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Travelling Membrane Roof in Vienna City Hall

This 34.21 x 32.52 m extendable roof structure provides protection against sun and rain and allows the courtyard to be used for balls, concerts and other events. The entire membrane, cable and cross-girder construction is assembled on roller bearings in tracks. The travelling roof is operated by motors attached to the cross-girders, with pinions engaging in toothed racks welded to the edge beams. Thecables and cross-girders are guided by combined radial and axial rollers, which also transmit all loads to the longitudinal beams. Atthe start of the closing operation, the end girder is set in motion. When the membrane behind it has unfolded, the next transverse girder is moved, and so on until the roof is fully extended. The opening operation follows the reverse procedure, until all the cross-girderscome to a halt and the membraneis folded into a four-metre-thick pack.

The edge beams are supported by brackets fixed on top of the stone walls along both sidesof the courtyard. “Crest cables” are spanned at 3.58 m centres between the two edge beams and sag to a depth of 1.5 m. The membrane is spanned between these cables ina single direction. Ballast was inserted in thevalleys between the crest cables in the form of 70 mm diameter steel tubes threaded on to valley cables and housed in membrane sheaths. The horizontal tensile forces from thecables are transmitted to four trussed compression girders above the surface of the membrane.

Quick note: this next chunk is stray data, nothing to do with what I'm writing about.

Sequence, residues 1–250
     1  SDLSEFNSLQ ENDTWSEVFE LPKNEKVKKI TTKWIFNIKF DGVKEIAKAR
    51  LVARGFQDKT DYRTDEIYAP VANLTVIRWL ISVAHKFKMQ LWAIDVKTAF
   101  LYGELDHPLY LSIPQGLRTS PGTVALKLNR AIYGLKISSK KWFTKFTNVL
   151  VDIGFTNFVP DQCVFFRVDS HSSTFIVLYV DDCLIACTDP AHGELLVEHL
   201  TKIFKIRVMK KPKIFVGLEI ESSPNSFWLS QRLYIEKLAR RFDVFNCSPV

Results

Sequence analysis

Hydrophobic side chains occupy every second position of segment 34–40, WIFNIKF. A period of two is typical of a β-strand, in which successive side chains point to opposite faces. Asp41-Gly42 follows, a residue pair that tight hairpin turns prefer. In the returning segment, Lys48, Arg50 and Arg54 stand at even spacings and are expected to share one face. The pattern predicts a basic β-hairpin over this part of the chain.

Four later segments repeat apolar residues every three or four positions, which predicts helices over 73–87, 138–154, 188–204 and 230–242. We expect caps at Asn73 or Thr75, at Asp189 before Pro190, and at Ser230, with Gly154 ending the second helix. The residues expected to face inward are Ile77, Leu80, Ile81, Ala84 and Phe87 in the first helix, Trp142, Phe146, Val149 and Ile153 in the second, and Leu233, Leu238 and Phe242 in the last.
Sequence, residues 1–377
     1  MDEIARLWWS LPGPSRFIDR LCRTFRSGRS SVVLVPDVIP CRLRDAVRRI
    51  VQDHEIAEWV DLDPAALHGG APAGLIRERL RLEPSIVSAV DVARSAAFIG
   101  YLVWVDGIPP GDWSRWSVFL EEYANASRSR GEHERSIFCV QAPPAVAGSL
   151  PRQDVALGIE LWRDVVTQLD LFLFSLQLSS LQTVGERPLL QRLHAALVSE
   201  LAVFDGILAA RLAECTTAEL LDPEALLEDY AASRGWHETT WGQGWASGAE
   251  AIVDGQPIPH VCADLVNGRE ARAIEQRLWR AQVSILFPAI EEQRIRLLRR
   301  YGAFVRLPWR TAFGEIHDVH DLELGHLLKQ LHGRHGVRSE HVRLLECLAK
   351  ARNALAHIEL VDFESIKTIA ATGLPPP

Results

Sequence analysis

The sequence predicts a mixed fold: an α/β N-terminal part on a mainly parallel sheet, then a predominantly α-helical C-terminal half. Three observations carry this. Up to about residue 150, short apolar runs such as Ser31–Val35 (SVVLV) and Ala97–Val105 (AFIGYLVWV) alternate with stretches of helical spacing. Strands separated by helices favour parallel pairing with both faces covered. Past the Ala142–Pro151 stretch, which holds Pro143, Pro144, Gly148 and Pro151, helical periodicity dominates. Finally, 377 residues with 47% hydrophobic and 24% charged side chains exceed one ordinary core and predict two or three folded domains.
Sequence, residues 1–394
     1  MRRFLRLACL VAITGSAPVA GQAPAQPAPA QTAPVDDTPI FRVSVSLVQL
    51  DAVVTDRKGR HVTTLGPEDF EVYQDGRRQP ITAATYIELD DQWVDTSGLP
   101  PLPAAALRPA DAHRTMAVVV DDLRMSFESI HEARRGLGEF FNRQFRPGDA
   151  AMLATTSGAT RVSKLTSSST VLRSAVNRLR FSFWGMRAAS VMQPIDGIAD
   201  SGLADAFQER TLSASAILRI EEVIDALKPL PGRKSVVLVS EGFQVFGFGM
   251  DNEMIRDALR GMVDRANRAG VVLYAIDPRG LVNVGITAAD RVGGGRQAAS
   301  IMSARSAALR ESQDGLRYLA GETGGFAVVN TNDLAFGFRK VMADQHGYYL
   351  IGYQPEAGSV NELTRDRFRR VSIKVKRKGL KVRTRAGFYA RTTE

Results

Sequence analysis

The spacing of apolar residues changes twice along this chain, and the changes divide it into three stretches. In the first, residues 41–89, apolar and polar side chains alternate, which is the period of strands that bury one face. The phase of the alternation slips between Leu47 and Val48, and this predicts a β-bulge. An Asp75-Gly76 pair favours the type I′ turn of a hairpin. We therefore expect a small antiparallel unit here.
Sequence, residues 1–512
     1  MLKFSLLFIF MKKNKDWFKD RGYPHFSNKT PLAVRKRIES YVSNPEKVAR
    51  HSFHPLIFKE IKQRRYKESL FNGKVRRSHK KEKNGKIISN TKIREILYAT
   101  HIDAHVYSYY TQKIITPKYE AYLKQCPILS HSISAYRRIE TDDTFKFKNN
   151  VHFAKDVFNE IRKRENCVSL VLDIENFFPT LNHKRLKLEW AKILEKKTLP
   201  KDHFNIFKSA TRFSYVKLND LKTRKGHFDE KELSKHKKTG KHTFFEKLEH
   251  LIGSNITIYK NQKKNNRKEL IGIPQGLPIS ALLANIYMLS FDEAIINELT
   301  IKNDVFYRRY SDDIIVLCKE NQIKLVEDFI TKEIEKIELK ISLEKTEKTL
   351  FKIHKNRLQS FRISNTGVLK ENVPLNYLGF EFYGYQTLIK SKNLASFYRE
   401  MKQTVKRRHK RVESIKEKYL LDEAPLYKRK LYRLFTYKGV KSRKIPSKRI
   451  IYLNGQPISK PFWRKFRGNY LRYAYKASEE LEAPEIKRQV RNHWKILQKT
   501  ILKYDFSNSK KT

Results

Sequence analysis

The roof is drained along the long edges. A membrane tube at the end of each valley extends down to the ground and discharges rainwater into a channel. The valley cables are also threaded through these tubes and fixed to a stainless-steel chain anchored in the channel. This form of construction serves as a means of preventing uplift.

The membrane consists of PVC-coated polyester fabric manufactured with high-strength, low-shrinkage polyester multi-filament thread. The soft PVC coating is applied asymmetrically to both faces, with the thicker layer on top as a protection against weathering. An additional protective fluoropolymer coating with a minimum thickness of 10 µm was also applied. The membrane has an overall light transmission rate of 15 per cent.

This article is taken out of the following magazine:
DETAIL 6/2000

Membrane Construction

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